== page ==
Enrollment in culinary programs at Career Education was 13,100 at the end of 2010, up 20% from 2009 — though new student enrollment was down 3% in the fourth quarter. The Pasadena Cordon Bleu is one of the company’s schools slapped with a class-action lawsuit alleging fraud. A $40-million settlement of a class-action suit against San Francisco’s California Culinary Academy, also a Career Education school, is pending.
“Learning the same foundational cooking techniques taught at the original Le Cordon Bleu in Paris affords opportunity,” says Career Education spokesman Mark Spencer. “But as with all education, it’s no guarantee of success.”
Regarding the lawsuit against the Pasadena Cordon Bleu, Spencer says that “the plaintiffs’ attorney trying to assemble a viable class-action case has met with several setbacks…. We’re confident the school will prevail on the merits of the case.”
Charlie Lucas, 22, has worked at Rustic Canyon in Santa Monica, staged at the highly acclaimed Benu in San Francisco and now has a starting position at Daniel Boulud’s Café Boulud in New York. He also skipped cooking school.
Two years ago he wanted to try cooking professionally but had no experience and no money for school, so he went knocking on doors for a job. “I made a list of the best restaurants in L.A. from a 2004 Zagat and started handing out my résumé,” he says. He landed at Rustic Canyon because, executive chef Evan Funke says, “he had great heart.”
“I went home and practiced dices on potatoes,” Lucas says. “Funke gave me a lot of books to read. I was cooking out of Alain Ducasse’s encyclopedia for six months trying to understand the recipes, the flavor profiles.... In my two years [at Rustic Canyon] I mastered every station.
“By the time I knew I wanted to be a chef, I had learned what people learned in school. And I don’t have student loans, and it’s a really fortunate thing.”
Funke, who is a former instructor at Pasadena’s Le Cordon Bleu, says, “In 10 years he’s going to be the guy to beat.”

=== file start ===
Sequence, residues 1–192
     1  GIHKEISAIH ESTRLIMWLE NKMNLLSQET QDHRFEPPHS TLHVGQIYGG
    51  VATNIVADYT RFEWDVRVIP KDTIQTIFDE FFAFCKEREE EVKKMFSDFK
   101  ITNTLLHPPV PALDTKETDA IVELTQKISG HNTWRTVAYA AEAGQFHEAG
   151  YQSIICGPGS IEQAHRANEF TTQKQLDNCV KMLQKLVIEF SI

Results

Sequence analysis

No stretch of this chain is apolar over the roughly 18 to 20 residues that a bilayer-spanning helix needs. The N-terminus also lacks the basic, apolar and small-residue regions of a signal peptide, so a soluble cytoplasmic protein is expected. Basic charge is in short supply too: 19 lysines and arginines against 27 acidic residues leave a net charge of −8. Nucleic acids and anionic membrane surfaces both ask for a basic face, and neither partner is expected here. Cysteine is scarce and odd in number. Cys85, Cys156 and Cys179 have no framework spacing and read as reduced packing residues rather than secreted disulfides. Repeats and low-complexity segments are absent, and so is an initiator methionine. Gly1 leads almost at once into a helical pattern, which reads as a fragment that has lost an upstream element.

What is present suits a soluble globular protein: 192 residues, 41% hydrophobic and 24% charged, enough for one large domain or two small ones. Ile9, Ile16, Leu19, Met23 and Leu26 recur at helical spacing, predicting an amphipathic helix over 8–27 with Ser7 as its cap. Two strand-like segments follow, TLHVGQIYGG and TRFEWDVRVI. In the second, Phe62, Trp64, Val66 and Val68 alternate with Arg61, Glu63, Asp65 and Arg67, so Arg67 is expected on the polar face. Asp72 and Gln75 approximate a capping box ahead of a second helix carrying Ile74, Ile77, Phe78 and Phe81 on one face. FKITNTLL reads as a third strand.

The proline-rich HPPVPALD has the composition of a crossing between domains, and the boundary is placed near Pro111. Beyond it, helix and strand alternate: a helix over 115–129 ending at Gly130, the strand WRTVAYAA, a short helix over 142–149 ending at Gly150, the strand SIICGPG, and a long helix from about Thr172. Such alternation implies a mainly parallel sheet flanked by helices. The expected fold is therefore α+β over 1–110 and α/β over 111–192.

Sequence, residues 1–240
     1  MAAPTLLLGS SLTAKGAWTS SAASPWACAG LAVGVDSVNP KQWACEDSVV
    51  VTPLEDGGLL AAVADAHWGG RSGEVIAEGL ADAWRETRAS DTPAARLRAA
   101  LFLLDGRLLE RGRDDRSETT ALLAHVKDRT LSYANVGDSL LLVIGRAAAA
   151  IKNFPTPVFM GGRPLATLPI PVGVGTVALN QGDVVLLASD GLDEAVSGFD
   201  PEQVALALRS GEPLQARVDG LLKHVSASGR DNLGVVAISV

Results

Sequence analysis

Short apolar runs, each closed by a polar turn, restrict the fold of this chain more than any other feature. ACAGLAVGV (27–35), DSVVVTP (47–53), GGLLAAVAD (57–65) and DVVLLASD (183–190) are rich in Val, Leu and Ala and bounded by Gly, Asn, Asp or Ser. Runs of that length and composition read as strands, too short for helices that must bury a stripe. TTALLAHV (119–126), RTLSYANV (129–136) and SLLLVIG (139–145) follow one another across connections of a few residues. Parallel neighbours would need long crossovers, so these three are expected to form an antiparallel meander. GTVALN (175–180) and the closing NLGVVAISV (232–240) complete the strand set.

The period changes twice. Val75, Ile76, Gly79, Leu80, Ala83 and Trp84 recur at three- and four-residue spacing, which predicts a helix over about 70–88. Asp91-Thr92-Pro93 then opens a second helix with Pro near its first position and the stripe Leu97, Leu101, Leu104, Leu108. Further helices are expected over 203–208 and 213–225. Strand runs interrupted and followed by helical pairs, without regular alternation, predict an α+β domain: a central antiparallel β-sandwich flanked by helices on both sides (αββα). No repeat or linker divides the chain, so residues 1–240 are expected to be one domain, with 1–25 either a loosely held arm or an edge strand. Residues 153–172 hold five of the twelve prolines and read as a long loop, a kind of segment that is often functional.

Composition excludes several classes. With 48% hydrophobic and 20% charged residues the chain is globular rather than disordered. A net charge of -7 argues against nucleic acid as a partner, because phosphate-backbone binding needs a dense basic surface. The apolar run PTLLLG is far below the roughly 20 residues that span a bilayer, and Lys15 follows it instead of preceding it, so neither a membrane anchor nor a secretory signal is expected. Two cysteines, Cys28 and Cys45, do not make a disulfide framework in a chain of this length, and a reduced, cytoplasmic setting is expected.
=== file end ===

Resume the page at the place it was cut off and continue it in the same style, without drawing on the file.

Disillusioned by his teaching experience, Funke is no proponent of culinary school. “I don’t know what’s behind this meat-grinder mentality of cooking schools,” he says.
“I rarely hire culinary students right out of school,” he says. “It’s like buying a computer and doing DOS to tell it how to do commands. They’re missing information — knife sharpening or even how to hone a knife. They don’t know product ID, kitchen etiquette, meat, fish, chicken butchering. Ninety percent of this job is time experience.”
Meanwhile, schools are “doing the same thing to culinary students that they did in the housing market,” says Funke, pushing too much borrowing for what might be a mirage. “Nobody tells you that you’re going to be somebody’s prep monkey for a year picking parsley in some subterranean humid kitchen making minimum wage.”
Ronnie Chen, a 30-year-old onetime physics student who is working her way up the kitchen line at Mélisse in Santa Monica, looked into culinary school. “I talked to people in the kitchen,” she says. “You come out of culinary school, you get paid the same and you’re short one to two years’ experience.”
She admits that it’s unusual to walk into a Michelin two-star restaurant like Mélisse and, with no professional cooking experience, get a job. She started with no pay and “worked like crazy,” chef-owner Josiah Citrin says. Within a few months she had a paying job on the line and a little more than a year later has outlasted most line cooks at Mélisse.
“Knife skills, working clean, working efficiently, we can train everybody in that stuff,” Citrin says. “We can’t train common sense…. If someone goes to school and is hard-working, they’re going to do well. And if they didn’t and are hard-working, they’re going to do well.”
Many hotels, hospitality companies and restaurants don’t have the time or budget to train employees with no culinary skills, says Edward Leonard, vice president and corporate chef for Le Cordon Bleu schools in North America. “Employers want culinary graduates who can walk in the door and understand as well as perform foundational skills needed in a kitchen.”
For Mario Alberto, everything he learned, he learned on the job. Now he’s chef-partner of the recently opened Peruvian restaurant Chimu downtown and the coming Red Hill in Echo Park. He started cooking at 29 after pursuing a degree in film photography and in the last few years has worked at Gjelina, Mo-Chica and Lazy Ox.
He started working in a restaurant kitchen at Sai Sai in the Biltmore Hotel downtown. “You learn through experience, by cutting 20 bunches of negi [Japanese onion] at a time for months,” he says. “And then cooking on the line. And food costs, ordering, inventory, labor costs, managing people…. I took what I could from cooking [for other chefs], and I thought about how would I make it my style.
“I thought about culinary school for a second,” he says. “I started kind of late. At that point I wasn’t going to ask my mom to refinance her house so I could go to school.”